Accounting Sleight of Hand: How A Central Bank Recently Used Its Gold Revaluation Account To Cover Losses

Posted by freedomforall 1 month, 3 weeks ago to Economics
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"By selling and immediately buying back some of its gold reserves, the central bank of Curaçao and Saint Martin managed to use its gold revaluation account to offset losses in 2021. Because many other monetary authorities are currently making losses too—and there is no limit to revaluing gold against fiat money—this trick could be used the world over to heal central banks’ balance sheets.

The central bank of Curaçao and Saint Martin, circa 2010.
What is a Gold Revaluation Account?
A gold revaluation account (GRA) is an accounting item that records unrealized gains (or losses) of gold assets. When the price of gold rises, as it inevitably does in the long run, gold assets increase in value and concurrently the GRA swells. As a formula:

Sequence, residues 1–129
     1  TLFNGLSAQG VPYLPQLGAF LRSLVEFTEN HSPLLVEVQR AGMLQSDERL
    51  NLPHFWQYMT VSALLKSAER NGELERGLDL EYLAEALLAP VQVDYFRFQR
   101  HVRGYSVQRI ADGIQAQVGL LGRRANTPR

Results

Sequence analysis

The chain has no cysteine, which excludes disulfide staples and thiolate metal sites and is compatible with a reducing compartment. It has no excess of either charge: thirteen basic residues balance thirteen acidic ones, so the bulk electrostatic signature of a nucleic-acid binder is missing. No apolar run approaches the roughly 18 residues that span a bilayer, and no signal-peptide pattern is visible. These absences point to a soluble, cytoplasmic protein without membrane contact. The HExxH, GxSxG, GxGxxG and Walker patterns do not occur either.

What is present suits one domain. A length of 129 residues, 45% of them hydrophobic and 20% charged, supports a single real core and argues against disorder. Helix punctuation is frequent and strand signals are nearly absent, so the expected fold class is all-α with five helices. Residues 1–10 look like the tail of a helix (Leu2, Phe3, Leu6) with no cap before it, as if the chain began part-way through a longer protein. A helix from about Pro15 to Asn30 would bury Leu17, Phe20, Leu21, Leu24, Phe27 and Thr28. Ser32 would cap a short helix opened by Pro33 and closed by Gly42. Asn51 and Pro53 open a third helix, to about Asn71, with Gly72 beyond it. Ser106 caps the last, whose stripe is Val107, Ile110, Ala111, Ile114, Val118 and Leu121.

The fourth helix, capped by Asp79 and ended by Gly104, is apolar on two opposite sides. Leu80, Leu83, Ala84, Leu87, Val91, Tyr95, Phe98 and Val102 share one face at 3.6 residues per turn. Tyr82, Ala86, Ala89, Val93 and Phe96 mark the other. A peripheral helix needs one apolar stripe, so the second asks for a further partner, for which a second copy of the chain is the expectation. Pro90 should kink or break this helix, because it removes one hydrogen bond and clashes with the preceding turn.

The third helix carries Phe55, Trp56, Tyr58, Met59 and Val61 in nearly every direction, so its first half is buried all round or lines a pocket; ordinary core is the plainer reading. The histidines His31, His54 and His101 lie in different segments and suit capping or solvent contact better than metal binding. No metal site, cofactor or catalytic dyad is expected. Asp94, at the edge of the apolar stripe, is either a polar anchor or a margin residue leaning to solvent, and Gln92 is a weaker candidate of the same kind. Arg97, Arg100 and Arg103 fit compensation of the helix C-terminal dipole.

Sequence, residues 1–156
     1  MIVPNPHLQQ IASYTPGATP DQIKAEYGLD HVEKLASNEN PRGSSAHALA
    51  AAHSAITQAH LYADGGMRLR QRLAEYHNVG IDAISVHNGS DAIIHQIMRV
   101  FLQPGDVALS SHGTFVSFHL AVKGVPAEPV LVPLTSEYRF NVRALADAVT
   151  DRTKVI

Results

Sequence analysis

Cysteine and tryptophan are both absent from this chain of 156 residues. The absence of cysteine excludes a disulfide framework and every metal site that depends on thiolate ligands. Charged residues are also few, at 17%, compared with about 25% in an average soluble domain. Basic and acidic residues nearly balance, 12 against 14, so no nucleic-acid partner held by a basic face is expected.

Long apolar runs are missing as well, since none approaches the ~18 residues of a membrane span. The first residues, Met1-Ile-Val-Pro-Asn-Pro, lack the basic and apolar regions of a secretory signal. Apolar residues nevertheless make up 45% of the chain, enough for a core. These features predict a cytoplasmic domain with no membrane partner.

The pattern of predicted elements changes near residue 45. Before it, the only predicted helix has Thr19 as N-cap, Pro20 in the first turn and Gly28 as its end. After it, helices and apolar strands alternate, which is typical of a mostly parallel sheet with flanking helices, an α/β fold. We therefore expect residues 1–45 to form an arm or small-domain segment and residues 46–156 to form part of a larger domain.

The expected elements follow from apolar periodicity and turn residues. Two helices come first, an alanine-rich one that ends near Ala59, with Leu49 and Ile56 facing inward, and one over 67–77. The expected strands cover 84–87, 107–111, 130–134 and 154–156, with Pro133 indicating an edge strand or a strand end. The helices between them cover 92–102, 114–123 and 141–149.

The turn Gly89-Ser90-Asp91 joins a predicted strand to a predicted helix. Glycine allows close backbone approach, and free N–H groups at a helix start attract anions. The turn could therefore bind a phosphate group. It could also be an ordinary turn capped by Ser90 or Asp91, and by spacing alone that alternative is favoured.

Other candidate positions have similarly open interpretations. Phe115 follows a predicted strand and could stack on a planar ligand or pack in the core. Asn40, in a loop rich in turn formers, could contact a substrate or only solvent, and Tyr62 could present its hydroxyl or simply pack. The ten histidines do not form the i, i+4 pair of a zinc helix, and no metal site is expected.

GRA = present gold market value – gold purchasing cost

The GRA is usually part of a central bank’s equity (net worth), while it’s not part of its capital (a narrower definition of equity)*. By their own rules, central banks can’t use their GRAs to cover general losses.
The central bank of Curaçao and Saint Martin (CBCS) started making losses in 2020 due to declining interest income, which accelerated in 2021. At the end of 2020, CBCS held 420,395 fine troy ounces of gold. Its equity position was NAf 1,341 million, of which its GRA accounted for NAf 1,275 million. Since the GRA makes up a large part of CBCS’s equity it was tempting to use some of it when confronted with losses.

In 2021 CBCS decided to sell and immediately buy back 2,945 ounces of gold to turn an unrealized gain into a realized gain to offset losses. The value of the gold traded was NAf 9.55 million. On page 51 of their Annual Report 2021 it shows the metal was sold and repurchased at exactly the same price, implying the trades were handled off the market.

The realized gain is the value of the gold traded (NAf 9.55 million) minus the historic purchasing price of the gold traded (NAf 352.05) times the gold weight traded (2,945 ounces)."

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